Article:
Sunday, March 21, 2010
Jeffrey Goldberg in Ketziot Camp
I am reading Jeffrey Goldberg's book "Prisioners" about his friendship with a Palestinian intellectual from the Jabaliya Refugee Camp in Gaza. Goldberg is one of the American Jews who came to Israel and found himself serving reserve duty in the Army. I served in an unit mostly composed by American and Russian immigrants about the same year, and we all ended spending one month periods in Ketziot. I was with five Americans in a faraway guardpost near the Egyptian border, near Azuz, and rarely visited the "michlaot" which were fenced in areas where the prisioners lived in tents. It was forbidden to talk to them and I never had the opportunity.
Goldberg is said to have ended in the military police, which think is a mistake, as I never met an American immigrant in that unit. The origin of the misunderstanding, I think, was the Keddumim Camp, a former Jordanian Army camp, which was turned into a conscripts training camp of the Military Police (For some reason they mixed immigrant conscripts with Israelis with police records). Later, Goldberg served as a guard at Ketziot, the vast, desolate prison camp that Israel set up in its southern desert to hold the Palestinian rebels of the first intifada, which broke out in 1987. All the guards were civilians doing their annual one-month reserve duty, nothing to do with military police.
Goldberg felt compelled to speak to the men he helped keep incarcerated. He hoped that by talking he might come to understand them and bring them to understand Israel. One prisoner in particular caught his attention: Rafiq Hijazi, a Palestine Liberation Organization leader, college math teacher and devout Muslim from the ugly Jabaliya refugee camp in the Gaza Strip. Later Goldberg returned home and Hijazi also moved to the United States so they continued their conversation.
There are many misinterpretations in the book - Goldberg is an American who like most immigrants, did not really immersed himself in Israel (I started to swim in the Israeli mainstream only when left TAHAL and when my children went to school). For example he confiscates a stone from a prisioner. The context of this action is missing: the prisioners had a "postal service" with paper messages attached to small stones, which they threw from one "michla'a" to the other. This stones were regularly collected and given to the small intelligence unit in the camp.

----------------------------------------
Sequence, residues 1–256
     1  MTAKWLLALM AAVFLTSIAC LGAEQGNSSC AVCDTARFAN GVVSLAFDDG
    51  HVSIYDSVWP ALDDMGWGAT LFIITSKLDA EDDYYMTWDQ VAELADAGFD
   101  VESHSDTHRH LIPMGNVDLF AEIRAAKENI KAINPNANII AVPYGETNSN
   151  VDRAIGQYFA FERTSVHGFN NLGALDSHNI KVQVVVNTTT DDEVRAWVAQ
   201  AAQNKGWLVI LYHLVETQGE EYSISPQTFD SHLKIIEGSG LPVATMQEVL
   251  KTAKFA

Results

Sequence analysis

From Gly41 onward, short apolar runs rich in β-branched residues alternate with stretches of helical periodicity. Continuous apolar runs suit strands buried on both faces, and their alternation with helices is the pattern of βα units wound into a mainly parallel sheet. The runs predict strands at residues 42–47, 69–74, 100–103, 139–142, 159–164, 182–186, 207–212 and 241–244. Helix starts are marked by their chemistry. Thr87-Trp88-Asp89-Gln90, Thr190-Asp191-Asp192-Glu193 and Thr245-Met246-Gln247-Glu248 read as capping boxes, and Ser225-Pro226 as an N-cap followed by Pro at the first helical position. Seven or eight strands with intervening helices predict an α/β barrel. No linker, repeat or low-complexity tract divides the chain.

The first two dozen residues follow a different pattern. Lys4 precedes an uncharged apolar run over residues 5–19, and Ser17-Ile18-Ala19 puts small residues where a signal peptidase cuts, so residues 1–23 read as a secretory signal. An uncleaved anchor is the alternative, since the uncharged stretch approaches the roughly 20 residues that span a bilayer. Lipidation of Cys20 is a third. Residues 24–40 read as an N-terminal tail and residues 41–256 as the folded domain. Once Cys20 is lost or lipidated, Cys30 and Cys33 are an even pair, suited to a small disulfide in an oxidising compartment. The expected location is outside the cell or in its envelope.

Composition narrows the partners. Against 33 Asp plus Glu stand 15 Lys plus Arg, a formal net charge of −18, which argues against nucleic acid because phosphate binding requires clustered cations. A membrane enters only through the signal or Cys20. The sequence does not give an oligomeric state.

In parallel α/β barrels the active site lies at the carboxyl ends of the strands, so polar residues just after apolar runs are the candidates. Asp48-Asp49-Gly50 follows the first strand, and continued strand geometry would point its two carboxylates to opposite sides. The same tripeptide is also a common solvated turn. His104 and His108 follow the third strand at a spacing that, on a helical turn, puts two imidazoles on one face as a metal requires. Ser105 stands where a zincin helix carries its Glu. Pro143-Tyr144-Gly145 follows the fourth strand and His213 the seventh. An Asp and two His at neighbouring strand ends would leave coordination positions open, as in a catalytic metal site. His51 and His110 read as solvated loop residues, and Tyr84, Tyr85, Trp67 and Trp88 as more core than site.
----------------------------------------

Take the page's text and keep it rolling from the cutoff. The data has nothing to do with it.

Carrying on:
My memories refer mostly to the Roman ruins in the desert area where we had our small "machsom" - check post. Once I had to guard the Red Cross people who came almost every day, and once I had to accompany the prisioners carrying food to their camps. They were given all the food they wanted and they took it to their tents to prepare it as they wanted. These Palestinian cooks were given kitchen knives, which amazed me at the time. I arrived to the conclusion that they were not prisioners in the European or Russian sense, Israel simply collected thousands of young boys from the most troublesome neighborhoods, extracting them from "Intifada", and later, when things quieted down, they were sent home. As far as I know there were no interrogations and they were left alone in their tents. The only interesting happenings I know of were sexual: homosexuality was rampant (imagine thousands of well fed and bored Arab teenagers at night) and what I observed from outside were some apparent rapes and "marriage ceremonies" with boys dressed white. My American collegues were mostly interested in religious questions, what Rabbi had signed the kashrut certificate of the sardines (some Rabbis were not kasher enough for them), and if they can be eaten before or after the cottage cheese.